The long-awaited results of a major randomized human clinical trial involving 18,645 participants were published in the March 31, 2007 issue of The Lancet. In the JELIS Trial, Japanese participants were given either a statin drug alone or a combination of statin drug plus 1,800 mg of EPA daily from fish oil concentrate in three divided doses. After 4.6 years of follow-up, significant reduction in major coronary events (-19%) and unstable angina (-24%) were observed for participants in the fish oil/statin group compared to those in the statin only group. Total cholesterol and LDL cholesterol levels were reduced by 19% and 26% in both groups, respectively, but neither decrease was related to a risk reduction.
A subgroup analysis of 3,664 participants with a prior history of Coronary Artery Disease (CAD) showed significant reductions in major coronary events (-19%) and unstable agnina (-28%). A subgroup analysis of the 14,981 participants without prior CAD (primary prevention subgroup) showed a notable but non-significant reduction in major coronary events via a reduction in coronary death, heart attack, non-fatal coronary events, and unstable angina.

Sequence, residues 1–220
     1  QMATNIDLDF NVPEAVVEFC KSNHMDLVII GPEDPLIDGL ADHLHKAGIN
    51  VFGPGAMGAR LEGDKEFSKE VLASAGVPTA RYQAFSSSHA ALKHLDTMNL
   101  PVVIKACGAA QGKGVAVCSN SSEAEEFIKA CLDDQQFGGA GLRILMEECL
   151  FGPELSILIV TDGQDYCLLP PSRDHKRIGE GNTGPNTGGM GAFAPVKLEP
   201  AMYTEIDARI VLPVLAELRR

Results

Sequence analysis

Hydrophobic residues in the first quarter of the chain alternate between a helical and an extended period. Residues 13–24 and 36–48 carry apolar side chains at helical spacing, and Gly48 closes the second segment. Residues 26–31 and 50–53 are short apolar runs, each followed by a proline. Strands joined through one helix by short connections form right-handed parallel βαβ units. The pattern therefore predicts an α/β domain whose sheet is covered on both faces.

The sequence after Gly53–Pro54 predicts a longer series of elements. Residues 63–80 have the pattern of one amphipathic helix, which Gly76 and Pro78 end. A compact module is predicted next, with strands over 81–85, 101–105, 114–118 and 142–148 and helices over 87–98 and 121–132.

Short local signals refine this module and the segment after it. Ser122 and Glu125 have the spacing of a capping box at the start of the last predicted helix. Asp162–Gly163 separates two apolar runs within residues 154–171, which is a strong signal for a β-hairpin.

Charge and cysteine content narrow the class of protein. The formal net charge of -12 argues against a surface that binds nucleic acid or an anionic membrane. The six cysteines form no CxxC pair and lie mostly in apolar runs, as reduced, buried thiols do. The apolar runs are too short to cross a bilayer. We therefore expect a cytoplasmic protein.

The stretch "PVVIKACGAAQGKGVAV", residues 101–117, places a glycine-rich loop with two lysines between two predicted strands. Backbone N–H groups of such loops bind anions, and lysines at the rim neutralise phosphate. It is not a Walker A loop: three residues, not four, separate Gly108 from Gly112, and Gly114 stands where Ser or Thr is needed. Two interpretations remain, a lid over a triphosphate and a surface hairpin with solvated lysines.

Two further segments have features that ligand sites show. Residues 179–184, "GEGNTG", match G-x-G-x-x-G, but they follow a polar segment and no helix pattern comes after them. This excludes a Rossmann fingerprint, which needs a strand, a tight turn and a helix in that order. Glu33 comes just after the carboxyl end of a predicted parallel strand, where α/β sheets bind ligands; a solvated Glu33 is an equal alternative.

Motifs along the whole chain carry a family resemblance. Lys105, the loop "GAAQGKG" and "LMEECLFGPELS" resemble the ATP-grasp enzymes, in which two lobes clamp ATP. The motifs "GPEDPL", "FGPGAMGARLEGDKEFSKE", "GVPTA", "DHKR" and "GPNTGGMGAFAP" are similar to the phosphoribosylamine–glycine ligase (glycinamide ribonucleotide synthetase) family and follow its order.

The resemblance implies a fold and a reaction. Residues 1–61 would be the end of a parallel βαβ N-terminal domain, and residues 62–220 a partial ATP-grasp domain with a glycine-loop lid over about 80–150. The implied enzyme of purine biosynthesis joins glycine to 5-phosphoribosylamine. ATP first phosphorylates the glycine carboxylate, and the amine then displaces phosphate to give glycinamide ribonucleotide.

The researchers hypothesize that fish oil provides its protective benefits though a non-lipid mechanism. It is their belief that fish oils may help to stabilize atherosclerotic plaques via a reduction in plaque-bound macrophages while also providing anti-inflammatory, antiarrhythmic and antithrombotic benefits in addition to promoting vasodilation.
Yokoyama, M.; Origasa, H. et. al. "Effects of eicosapentaenoic acid in major coronary events in hypercholesterolemic patients (JELIS - Japan Eicosapentaenoic acid (EPA) Lipid Intervention Study)." Lancet, 369:1090-98;March 2007.